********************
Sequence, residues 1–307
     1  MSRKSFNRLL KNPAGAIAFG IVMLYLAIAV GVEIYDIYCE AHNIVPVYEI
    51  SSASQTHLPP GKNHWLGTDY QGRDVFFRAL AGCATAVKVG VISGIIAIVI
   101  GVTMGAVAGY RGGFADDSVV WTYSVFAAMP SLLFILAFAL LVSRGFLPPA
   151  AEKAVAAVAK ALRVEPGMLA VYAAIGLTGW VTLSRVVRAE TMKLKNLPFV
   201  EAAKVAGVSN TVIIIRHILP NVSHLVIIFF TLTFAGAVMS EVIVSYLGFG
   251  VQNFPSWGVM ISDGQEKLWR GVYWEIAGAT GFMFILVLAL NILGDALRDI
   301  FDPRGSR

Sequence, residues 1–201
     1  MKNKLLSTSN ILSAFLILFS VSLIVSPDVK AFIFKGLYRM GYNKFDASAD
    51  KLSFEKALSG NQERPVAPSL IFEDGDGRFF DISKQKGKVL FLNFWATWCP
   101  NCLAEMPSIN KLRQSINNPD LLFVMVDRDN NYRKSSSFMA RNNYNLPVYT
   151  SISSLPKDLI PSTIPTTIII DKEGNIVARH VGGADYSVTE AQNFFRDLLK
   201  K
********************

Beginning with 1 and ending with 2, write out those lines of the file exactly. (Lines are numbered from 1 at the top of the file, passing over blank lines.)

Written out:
Sequence, residues 1–307
     1  MSRKSFNRLL KNPAGAIAFG IVMLYLAIAV GVEIYDIYCE AHNIVPVYEI